Tomorrow represents a historic day for the Cayman Islands. Not only will the country choose its political representation for the next four challenging years, it will decide whether to accept the draft new constitution in the country’s first-ever referendum.
We’re hoping by now that those who are registered voters have done their homework on the candidates and the draft constitution and that they have made their decisions. If not, there is a lot of information on the caycompass.com election website to help them make up their minds, including video interviews with the candidates, archived news articles of the candidates’ public meetings and much more.
Most importantly, we urge registered electors to get out and vote, both in the election and the referendum. Voting in the latter is especially important because it will only take a simple majority of voters to vote yes or no in the referendum for the draft constitution to either be accepted or defeated. If, for example, only half of the people vote in the referendum, then as little as 25 per cent of the voters could impose their will on the other 75 per cent of eligible voters.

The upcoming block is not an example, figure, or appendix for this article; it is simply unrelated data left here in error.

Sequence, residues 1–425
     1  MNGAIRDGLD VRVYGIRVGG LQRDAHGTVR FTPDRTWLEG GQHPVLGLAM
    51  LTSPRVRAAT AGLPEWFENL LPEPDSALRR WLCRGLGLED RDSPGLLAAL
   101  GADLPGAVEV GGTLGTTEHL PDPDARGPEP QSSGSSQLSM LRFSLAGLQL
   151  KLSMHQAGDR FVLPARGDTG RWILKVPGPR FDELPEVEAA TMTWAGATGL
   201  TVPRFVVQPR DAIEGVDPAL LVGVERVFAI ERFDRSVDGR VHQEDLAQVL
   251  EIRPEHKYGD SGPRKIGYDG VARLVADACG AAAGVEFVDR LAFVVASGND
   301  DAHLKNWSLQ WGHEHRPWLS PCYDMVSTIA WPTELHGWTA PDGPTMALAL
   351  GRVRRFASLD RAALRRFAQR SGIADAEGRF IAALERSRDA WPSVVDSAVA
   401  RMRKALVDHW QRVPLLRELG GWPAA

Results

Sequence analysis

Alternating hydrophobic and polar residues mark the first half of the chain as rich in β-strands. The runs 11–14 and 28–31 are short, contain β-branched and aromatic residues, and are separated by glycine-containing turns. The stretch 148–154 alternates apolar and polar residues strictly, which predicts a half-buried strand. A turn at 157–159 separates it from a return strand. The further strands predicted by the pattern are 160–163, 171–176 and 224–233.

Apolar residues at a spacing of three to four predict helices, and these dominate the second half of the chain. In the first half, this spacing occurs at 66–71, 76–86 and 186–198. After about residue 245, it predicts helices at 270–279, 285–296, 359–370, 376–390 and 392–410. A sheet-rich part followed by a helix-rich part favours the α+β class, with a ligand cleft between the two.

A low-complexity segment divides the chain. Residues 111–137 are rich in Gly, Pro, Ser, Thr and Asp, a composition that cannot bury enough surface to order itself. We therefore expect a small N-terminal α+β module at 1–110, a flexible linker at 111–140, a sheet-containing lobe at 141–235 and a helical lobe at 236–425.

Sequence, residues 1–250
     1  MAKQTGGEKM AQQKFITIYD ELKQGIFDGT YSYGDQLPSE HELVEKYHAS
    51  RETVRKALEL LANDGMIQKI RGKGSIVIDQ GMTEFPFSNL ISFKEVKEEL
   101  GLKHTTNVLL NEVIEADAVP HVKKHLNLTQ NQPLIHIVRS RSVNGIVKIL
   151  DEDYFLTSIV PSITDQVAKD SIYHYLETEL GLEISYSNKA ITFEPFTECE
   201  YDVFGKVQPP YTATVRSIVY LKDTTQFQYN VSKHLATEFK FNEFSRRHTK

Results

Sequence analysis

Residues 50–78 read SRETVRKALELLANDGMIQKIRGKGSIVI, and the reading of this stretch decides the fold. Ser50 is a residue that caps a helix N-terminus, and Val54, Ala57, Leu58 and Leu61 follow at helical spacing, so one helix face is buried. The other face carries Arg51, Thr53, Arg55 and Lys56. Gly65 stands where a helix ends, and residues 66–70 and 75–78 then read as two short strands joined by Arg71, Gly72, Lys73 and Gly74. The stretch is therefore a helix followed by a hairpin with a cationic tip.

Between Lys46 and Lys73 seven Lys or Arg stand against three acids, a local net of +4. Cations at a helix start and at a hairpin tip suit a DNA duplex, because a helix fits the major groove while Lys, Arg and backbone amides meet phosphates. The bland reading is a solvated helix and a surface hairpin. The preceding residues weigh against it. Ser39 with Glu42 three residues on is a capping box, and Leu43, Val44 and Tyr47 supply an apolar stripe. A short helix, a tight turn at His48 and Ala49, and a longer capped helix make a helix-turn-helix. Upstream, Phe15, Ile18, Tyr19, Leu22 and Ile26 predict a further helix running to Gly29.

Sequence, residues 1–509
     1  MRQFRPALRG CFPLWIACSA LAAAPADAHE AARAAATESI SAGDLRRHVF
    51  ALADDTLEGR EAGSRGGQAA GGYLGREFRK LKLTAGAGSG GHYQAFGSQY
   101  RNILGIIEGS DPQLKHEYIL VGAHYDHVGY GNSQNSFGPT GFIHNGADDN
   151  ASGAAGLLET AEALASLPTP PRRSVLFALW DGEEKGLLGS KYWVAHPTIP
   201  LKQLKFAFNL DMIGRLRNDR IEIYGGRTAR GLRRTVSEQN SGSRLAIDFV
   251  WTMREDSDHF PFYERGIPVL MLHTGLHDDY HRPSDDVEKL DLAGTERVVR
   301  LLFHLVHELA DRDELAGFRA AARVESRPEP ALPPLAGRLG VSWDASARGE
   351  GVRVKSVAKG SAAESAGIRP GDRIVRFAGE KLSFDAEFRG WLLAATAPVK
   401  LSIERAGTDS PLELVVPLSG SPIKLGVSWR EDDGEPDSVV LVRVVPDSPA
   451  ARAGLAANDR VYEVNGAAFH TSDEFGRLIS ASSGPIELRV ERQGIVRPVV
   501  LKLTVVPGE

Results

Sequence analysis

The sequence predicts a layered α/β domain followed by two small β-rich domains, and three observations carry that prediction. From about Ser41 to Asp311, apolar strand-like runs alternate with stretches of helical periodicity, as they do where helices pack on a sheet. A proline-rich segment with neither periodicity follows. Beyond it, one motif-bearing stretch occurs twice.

It is also important that voters take care in marking their ballots so that their vote is not wasted. If voters have questions, they need to ask election officials at their polling place.
As for the large non-voting contingent of residents on the island – whether they are non-registered Caymanians or non-Caymanians – tomorrow’s election will have just as much impact on them as the people casting votes.
It might seem unnecessary to some non-voters for Election Day to be a public holiday or for there to be no sales of alcohol while the polls are open, but this is reflection of the importance the Caymanian society puts on the single-most vital aspect of a democratic society.
Although some businesses will open tomorrow, we urge all business owners who have registered voters on duty tomorrow to allow them ample time to go to their required polling station. At the same time, we urge voters to not abuse the cooperativeness of their employers by voting before they come to work – or afterwards – if at all possible.
For those following the election, we invite you to visit the caycompass.com election website tomorrow evening, where will continually update election results as they come in
No matter what the election outcome, the sun will rise on the Cayman Islands again on Thursday morning and we hope the victorious – whoever they might be – can help steer this country through the choppy seas in which it now finds itself.